In the early years of the hospital, the nurses who cared for
the sick and injured were untrained men and women. Quite often
these attendants were former patients who had shown some aptitude
or desire to nurse others after their own recovery. At that time,
such employees were usually the working poor, commanding low
wages and having limited access to education. However, some individuals
demonstrated a real vocation for the care of the sick, and were
a great resource to the hospital community.
School of Nursing for Women (1875-1974)
In 1875, the Hospital's Board of Managers took under consideration
plans to establish a training school for nurses. A program was
developed, and certificates were awarded for successful completion
of a year's worth of training, which included medical and surgical
components. Four years later, Pennsylvania Hospital agreed to
co-train nurses from the Woman's Hospital of Philadelphia, an
arrangement which lasted until 1882.
In 1883, the hospital re-established its independent training
school, graduating four nurses in its first year. Lectures were
systematically delivered to students by members of the medical,
surgical, and outpatient staffs, which supplemented instruction
given by the school's superintendent. Such quality training and
staff support led to an important precedent in 1885, at which
time three female nurses were allowed to work on men's medical
wards. The first public commencement of the nursing school happened
in 1893, when students received class pins that incorporated
the seal of the Good Samaritan in the design.
Helen G. McClelland
Some luminaries in the hospital's training school included Miss
Lucy Walker, an English nurse who became superintendent in 1896.
Under her tutelage, the nursing school became known as one of
the best in the United States. Miss Margaret A. Dunlop became
head of the school in 1909 and was instrumental in the overseas
organization of the American Ambulance Service and Base Hospital
No. 10 during World War I. Her assistant, Miss Helen G. McClelland,
recipient of the American Distinguished Service Cross for valorous
service during World War I, succeeded her predecessor in 1933.
During her 23-year tenure, Miss McClelland played an important
role in the changing dynamics of the nursing profession. she
instituted a shorter work day for nurses, comparable to that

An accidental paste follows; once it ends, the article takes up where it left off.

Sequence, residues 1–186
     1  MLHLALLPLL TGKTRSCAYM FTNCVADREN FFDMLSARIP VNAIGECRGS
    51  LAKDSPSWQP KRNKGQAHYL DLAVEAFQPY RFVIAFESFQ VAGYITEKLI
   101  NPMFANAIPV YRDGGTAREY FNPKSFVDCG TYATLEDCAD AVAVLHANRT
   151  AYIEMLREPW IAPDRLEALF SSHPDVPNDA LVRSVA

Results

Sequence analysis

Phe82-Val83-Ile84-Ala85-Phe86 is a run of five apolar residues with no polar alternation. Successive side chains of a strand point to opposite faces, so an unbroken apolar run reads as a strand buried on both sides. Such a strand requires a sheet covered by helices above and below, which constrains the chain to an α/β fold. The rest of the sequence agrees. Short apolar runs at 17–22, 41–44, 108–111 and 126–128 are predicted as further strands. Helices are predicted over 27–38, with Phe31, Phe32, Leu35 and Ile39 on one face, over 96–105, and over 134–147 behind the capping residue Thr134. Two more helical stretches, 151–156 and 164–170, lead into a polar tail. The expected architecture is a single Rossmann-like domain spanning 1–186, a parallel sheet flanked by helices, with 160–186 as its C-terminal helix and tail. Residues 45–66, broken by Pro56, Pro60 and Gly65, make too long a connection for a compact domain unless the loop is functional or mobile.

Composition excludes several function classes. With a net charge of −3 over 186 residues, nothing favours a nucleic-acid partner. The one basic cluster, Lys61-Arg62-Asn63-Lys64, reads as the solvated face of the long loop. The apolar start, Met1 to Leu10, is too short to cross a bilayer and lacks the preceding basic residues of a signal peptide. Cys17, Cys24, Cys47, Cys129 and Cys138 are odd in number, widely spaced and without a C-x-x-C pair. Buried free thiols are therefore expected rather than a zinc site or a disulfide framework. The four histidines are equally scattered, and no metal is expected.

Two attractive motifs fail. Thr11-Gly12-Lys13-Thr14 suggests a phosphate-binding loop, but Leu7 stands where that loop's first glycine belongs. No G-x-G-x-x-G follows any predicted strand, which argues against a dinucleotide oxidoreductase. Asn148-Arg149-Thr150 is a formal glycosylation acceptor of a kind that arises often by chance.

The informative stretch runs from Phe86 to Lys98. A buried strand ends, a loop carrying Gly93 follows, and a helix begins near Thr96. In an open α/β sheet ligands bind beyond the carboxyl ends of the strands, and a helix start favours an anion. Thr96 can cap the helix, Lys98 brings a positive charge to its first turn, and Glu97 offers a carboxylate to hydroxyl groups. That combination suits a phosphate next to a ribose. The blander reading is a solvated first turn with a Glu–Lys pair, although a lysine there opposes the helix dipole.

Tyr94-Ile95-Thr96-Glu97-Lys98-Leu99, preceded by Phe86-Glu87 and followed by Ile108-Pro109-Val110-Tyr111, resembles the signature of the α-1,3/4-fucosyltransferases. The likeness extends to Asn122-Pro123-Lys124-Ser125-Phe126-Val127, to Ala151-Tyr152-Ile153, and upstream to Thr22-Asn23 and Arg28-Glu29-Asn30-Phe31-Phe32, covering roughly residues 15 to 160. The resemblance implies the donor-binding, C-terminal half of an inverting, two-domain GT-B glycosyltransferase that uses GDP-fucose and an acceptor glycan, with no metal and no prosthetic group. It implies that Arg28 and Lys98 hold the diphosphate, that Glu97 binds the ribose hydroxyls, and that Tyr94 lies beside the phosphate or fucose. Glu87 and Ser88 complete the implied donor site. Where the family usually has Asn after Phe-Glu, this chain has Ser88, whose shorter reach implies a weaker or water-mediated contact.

of other fields; encouraged continuing education; designed nursing
educational programs; and solicited friends of the hospital to
endow scholarships. Miss McClelland also organized the nursing
component of the 52nd Evacuation Hospital at the onset of World
In 1964, restructuring within the hospital's administration
and changes within nursing accreditation organizations necessitated
the merger of the School of Nursing for Women at 8th Street and
the School of Nursing for Men at 49th Street. The hospital's
nursing programs has always been based on the "diploma school" format,
in which student nurses divided their time between clinical experience
and classroom instruction. Pressures within the rapidly growing
nursing profession created an imperative to transition from the
hospital-based diploma schools towards academic education. The
faculty of the merged program developed an improved curriculum
in light of the changing patterns in nursing education. However,
in 1974 the hospital graduated its last class of nurses. More
than 2,800 students has graduated since the first public commencement
in 1893, all proudly bearing their caps and "Pennsy" Good
Samaritan nursing pins.
School of Nursing for Men (1914-1965)
In 1914 the School of Nursing for Men was established at the
Department for Mental and Nervous Diseases, located at the hospital's
West Philadelphia Campus. It was the first training school for
male nurses in the United States to be headed by a man, Leroy
N. Craig. The original purpose of the school was to meet the
needs of the community for competent professional male nurses.
The educational program was designed to provide an integrated
background in general nursing upon which specialization in psychiatric
and urological nursing could be developed after completion of
1932, an Affiliate Program in Psychiatric Nursing was developed.
The School of Nursing for men was one of nine "diploma" or
hospital-based nursing schools that participated in this cooperative
program. Approximately 12,000 affiliate students participated
in this mental health nursing training program. During the 1950s,
through the efforts of Mr. Craig and Congresswoman Frances Payne
Bolton, male nurses were granted commissions in the armed forces.
Several graduates of the Pennsylvania Hospital School of Nursing
for men were the first to enter.
In 1965, the Pennsylvania Hospital School of Nursing for Men
was dissolved, after having graduated 551 men over its 51-year
history. The School for Women was dissolved the same year and
a co-educational program was established. This program continued
to attract male students each year until the school was closed